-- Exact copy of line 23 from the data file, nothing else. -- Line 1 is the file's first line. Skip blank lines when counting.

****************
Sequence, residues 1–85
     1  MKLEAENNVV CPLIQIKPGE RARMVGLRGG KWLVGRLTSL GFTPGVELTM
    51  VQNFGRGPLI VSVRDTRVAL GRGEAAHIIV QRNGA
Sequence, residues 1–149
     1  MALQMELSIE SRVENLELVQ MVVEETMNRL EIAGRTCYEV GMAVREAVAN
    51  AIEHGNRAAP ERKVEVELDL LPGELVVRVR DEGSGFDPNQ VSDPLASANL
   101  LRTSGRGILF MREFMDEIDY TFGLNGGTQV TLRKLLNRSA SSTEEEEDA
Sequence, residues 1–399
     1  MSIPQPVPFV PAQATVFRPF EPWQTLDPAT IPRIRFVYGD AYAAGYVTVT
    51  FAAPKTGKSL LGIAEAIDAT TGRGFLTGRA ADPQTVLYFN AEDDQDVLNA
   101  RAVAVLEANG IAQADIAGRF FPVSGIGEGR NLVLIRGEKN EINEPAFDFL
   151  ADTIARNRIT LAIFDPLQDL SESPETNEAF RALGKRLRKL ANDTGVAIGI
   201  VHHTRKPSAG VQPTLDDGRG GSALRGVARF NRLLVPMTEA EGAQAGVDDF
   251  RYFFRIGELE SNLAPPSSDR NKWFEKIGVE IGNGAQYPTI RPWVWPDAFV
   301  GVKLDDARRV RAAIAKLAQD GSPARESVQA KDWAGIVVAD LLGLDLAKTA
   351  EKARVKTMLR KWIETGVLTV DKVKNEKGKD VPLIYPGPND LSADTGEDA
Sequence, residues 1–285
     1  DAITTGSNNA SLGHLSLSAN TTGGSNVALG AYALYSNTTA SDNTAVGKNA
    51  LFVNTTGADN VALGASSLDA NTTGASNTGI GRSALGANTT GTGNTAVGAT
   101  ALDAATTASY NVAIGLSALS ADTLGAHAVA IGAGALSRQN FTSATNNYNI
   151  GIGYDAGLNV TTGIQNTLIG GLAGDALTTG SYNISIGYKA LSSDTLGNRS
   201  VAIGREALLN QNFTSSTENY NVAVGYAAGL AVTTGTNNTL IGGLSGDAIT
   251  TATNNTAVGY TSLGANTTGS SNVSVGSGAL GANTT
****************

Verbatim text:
   251  TATNNTAVGY TSLGANTTGS SNVSVGSGAL GANTT